Therefore, when man not only does not partake of negative thoughts but goes further and destroys the source of such thoughts, forbidding it ever again to bear fruit, he may leave the state of afflictions, distress and depression and forever dwell in harmony, peace and prosperity. But he must make certain that the tree or source is destroyed forever; the roots must be withered.
In the account by Matthew, Jesus said, “Let no fruit grow on thee henceforward for ever” (King James Version), or “Let no fruit come from you any more to eternity” (New World Translation of Christian Greek Scriptures). By this he indicated that man, by the power of his word (proper realization of truth), must nevermore eat of that tree, must never again partake of such thoughts. The instant withering of the tree indicates that one must not put off destroying the source of negative thoughts, or must not attempt to do it too slowly. It can and should be done immediately and completely.
Then he told his disciples that if they had sufficient faith and entertained no doubt, they not only could eliminate thoughts symbolized by a fig tree but could cause the entire mountain of error to be lifted up and cast into the sea (Divine Mind). The sea (truth) would dissolve the mountain (error).
The account states that Jesus went to the fig tree because he was hungry. The meaning is similar to his being hungry after his temptation in the wilderness. Here the original Greek, according to the Emphatic Diaglott, says that Jesus was returning to the city “early”; it does not say “in the morning.” Thus, being hungry early after leaving Bethany for Jerusalem would mean that when one has left the habitation of despair to return to dwelling in peace, he may feel hungry, or be empty of thoughts.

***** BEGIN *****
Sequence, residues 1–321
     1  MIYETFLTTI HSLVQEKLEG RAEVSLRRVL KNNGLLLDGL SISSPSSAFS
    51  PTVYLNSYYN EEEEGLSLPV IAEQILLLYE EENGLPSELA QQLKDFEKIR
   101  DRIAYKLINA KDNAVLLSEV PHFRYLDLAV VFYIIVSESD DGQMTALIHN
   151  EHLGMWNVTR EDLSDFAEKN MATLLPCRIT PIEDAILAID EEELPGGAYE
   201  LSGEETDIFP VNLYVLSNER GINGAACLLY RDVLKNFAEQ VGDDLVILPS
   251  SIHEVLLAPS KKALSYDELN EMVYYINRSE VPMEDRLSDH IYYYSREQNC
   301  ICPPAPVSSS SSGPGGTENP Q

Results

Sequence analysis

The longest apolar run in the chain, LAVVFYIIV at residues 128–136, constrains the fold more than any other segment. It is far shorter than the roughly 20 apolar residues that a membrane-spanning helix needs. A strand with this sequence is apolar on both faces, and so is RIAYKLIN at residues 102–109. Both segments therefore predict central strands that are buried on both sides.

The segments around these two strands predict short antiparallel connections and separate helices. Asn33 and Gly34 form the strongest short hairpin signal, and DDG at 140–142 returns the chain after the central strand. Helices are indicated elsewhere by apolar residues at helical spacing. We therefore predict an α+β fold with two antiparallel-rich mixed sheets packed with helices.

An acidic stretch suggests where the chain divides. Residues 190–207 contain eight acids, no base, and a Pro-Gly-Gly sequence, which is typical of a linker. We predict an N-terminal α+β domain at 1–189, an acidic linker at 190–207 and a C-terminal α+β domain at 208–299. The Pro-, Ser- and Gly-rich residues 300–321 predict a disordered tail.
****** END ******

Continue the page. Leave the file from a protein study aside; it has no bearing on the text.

This emptiness may be in one of two ways: whether because he has cast off the former thoughts (error) on which he had been feeding, and was hungry for thoughts of some kind; or that he was now eager, in his newly found state of peace in truth, to make use of his new lease on life. In either case it would be important that his hunger henceforth be not relieved by the former error thoughts (figs). Therefore, lest he eat of this tree, even unknowingly, the source must be declared incapable of producing any more manifestations in his life.
In the account by John Mark, the curse is given as “Let no one eat of you to the Age” (ED), or “May no one eat fruit from you any more forever” (NWT). The word translated here as “age” or “forever” is the Greek word aionian. It is a word that has no equivalent in English, and which has been translated variously in the New Testament as “forever,” “eternal,” and “end of the world.” Its meaning is: an indefinite period of time, past, present or future. This is clearly emphatic advice that one should never again, throughout his eternal life, indulge in thoughts of despair and misery.
“And his disciples heard him” (ED). Since his disciples represent man’s twelve spiritual faculties, this sentence indicates that the advice is to be impressed on man’s subconscious as well as conscious aspects of mind so no negative thoughts can enter his mind, either over the walls or through the gate.